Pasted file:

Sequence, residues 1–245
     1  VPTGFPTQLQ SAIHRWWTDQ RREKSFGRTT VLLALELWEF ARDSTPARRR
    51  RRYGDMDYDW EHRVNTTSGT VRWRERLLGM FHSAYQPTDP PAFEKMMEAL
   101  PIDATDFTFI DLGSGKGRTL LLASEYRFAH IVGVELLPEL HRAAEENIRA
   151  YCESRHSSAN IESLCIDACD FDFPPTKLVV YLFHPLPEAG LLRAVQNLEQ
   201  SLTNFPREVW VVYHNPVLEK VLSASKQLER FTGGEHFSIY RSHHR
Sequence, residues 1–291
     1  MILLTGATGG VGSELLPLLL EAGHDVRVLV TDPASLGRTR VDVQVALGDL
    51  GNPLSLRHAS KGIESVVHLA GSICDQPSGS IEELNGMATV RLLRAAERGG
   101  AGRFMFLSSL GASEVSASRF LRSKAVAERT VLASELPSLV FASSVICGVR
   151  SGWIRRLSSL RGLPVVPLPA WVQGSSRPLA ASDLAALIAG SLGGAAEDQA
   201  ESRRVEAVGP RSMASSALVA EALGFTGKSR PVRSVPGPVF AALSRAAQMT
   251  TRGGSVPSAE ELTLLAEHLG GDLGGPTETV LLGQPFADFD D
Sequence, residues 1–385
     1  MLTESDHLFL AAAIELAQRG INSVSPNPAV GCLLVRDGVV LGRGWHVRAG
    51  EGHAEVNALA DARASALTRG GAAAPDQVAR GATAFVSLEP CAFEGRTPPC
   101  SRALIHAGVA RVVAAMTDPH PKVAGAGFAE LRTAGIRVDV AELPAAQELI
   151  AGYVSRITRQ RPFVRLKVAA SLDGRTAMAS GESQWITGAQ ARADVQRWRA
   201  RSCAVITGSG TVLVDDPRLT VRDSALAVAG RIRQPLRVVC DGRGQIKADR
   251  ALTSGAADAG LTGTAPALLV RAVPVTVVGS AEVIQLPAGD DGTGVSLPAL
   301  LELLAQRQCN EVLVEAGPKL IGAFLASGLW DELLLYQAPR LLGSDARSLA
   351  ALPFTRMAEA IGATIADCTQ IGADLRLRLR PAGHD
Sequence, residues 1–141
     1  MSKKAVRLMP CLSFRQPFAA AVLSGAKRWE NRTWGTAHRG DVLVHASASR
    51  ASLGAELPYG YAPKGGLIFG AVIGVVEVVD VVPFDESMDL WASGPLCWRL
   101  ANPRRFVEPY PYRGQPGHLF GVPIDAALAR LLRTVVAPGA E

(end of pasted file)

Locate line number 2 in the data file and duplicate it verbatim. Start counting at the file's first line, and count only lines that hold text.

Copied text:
     1  VPTGFPTQLQ SAIHRWWTDQ RREKSFGRTT VLLALELWEF ARDSTPARRR